Hi, everyone! I have already been admitted to some average acceptance rate schools with this essay, but I'm looking to make it the best it can be so that I can apply to some top-tier schools!
I am very open to any amount of constructive criticism and advice, especially since I feel that the end of my essay is exceptionally weak.
The question is from the common app: "Evaluate a significant experience, achievement, risk you have taken, or ethical dilemma you have faced and its impact on you."
"I was in the car, clutching my Hello Kitty backpack to my chest and sobbing into its thick polyester fabric. My mother, in the driver's seat, stared intently at the road, furrowing her brow, wondering what part of my performance in my kindergarten's production of "The Little Red Hen" had gone wrong. "What wrong? Eat was supper. You wear supper. Eat was relay greet," she said in her thick Polish accent, trying her best to calm me down. After listening to the stilted yet heartfelt inquiry, I responded with a shriek followed by another intense bout of crying. The salty tears running down my hot, pink cheeks were not from regret or embarrassment, but rather from the stark realization that I was different. Although I had first noticed the disparity between myself and my classmates at school, I had never thought much of it - the fact that everyone had English nicknames like John and Ally and I went by Kasia (the Polish equivalent of Catie) had never really fazed me until that day.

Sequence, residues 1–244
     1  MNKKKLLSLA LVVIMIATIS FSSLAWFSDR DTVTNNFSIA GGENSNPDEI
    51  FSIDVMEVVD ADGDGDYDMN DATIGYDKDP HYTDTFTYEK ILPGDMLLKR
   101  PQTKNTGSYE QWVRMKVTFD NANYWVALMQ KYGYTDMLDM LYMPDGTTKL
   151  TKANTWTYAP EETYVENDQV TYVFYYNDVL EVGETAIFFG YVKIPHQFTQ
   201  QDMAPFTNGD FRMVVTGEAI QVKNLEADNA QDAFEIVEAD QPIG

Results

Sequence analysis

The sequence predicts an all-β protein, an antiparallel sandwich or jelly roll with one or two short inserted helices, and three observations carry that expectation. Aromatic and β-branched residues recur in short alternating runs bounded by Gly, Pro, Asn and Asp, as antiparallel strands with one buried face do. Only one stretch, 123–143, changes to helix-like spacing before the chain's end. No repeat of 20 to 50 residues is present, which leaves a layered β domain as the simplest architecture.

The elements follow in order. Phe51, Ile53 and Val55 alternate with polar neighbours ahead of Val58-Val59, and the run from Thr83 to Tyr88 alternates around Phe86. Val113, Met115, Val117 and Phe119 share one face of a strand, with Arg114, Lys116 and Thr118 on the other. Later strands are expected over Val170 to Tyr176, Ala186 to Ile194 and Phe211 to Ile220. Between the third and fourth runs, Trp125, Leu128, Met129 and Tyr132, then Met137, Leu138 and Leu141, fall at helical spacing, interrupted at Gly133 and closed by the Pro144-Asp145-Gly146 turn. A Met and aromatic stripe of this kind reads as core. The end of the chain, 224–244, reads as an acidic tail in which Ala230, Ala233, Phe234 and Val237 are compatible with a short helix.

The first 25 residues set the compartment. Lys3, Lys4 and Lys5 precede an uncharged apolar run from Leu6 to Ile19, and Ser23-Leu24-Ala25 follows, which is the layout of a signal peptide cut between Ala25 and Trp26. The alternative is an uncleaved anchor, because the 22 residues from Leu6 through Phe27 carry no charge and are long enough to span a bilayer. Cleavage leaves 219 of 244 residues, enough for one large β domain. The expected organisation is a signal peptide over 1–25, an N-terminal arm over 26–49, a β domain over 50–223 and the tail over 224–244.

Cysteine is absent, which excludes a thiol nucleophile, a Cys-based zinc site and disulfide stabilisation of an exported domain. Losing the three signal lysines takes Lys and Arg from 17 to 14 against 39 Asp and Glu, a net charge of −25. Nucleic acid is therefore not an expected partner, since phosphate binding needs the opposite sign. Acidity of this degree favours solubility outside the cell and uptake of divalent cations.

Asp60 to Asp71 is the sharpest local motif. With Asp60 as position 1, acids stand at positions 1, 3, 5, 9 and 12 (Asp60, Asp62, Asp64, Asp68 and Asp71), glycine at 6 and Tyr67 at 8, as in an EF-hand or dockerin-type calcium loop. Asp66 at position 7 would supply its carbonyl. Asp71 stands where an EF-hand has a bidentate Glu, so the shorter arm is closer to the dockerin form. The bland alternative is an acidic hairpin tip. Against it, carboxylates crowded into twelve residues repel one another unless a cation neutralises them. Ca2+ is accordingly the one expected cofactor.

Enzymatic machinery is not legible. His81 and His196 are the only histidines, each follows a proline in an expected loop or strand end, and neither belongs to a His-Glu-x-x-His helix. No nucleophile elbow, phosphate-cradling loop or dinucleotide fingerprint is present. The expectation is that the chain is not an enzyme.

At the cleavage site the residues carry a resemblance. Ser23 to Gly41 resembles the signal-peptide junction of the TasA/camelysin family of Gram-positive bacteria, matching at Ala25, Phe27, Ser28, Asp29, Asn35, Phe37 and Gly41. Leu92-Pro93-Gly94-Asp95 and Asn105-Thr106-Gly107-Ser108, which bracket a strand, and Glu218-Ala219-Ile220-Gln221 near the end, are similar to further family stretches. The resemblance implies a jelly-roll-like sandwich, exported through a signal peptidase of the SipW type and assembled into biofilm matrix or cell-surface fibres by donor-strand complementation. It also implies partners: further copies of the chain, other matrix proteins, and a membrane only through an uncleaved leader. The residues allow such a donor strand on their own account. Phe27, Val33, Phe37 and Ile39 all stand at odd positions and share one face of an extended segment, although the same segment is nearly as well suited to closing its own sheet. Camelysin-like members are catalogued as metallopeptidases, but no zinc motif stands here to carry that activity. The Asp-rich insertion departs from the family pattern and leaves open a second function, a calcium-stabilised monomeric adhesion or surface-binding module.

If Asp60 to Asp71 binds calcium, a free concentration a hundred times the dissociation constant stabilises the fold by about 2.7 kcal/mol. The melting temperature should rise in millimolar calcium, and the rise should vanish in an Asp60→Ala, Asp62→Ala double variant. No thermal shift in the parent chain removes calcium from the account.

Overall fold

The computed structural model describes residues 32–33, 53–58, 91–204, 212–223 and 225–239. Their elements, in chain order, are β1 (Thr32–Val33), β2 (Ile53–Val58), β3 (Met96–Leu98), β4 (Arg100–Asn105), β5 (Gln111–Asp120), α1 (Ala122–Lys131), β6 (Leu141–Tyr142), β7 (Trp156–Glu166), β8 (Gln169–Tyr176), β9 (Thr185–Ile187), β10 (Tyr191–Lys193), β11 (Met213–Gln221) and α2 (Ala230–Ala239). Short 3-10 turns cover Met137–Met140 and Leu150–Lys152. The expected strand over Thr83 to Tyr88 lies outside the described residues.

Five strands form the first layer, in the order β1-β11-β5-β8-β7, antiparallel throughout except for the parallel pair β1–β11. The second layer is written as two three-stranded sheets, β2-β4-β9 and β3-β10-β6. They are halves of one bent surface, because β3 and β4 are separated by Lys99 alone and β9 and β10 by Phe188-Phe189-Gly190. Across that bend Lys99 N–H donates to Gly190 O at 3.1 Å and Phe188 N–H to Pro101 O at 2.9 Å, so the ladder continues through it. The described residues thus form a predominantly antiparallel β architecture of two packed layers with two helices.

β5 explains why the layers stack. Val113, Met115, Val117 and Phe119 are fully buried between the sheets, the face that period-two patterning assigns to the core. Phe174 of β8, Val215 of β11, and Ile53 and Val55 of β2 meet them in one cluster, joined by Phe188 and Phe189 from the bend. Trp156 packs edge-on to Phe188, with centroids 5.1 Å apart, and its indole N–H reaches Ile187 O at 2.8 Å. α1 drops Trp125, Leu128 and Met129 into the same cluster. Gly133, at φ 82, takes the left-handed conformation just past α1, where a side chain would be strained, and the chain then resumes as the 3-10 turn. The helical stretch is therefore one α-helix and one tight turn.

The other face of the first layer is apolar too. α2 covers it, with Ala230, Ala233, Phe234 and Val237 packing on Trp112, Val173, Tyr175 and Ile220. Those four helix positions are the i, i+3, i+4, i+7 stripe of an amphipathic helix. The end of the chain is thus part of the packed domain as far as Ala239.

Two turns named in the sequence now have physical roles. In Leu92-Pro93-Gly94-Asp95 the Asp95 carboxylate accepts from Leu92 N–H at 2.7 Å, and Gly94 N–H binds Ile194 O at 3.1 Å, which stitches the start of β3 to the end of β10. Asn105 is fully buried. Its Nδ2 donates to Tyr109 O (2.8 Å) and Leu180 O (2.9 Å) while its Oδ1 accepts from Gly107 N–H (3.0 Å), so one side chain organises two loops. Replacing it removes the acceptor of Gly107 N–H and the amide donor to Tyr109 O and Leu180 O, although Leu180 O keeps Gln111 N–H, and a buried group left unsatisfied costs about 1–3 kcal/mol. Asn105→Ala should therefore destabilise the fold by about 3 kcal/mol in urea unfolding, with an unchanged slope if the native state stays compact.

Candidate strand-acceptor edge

After the play, my class was herded to a makeshift reception where all our parents were waiting for us. After spotting me among the sea of children, my mum eagerly approached me and greeted me in Polish, hugging me closely and kissing my cheeks. I basked in the affection until I noticed the stares from my classmates who not only didn't understand Polish, but also didn't understand what it was like having an affectionate parent - all they could hope for was a pat on the head and a peck on the cheek. After finally letting go, my mother, sporting high heels and a cropped hair cut, approached a gaggle of soccer moms clad in sneakers and sweater sets. As she introduced herself as Malgorzata, I noticed a slough of condescending stares beneath the dowdy bangs of my friends' mothers, their gazes quickly shifting between my mum and me. I immediately realized, as I clung to my mum's trouser leg, that neither I nor my mother were ever going to be like my friends or their parents.
Though I still feel the burning stares and hear the spiteful whispers of the inhabitants of our slowly gentrifying town as I chatter away to my mother in Polish, I have come to terms with my ethnicity and their closed-mindedness. In fact, the xenophobia in my community is the reason I am the person I am today. The malicious remarks, lingering glares, and the overwhelming and ubiquitous feelings of unwelcomeness have made me strong, independent, and, most of all, tolerant and open-minded. And although I regret ever being upset about my ethnicity, I am happy that I realized and embraced that I was, am, and always will be different."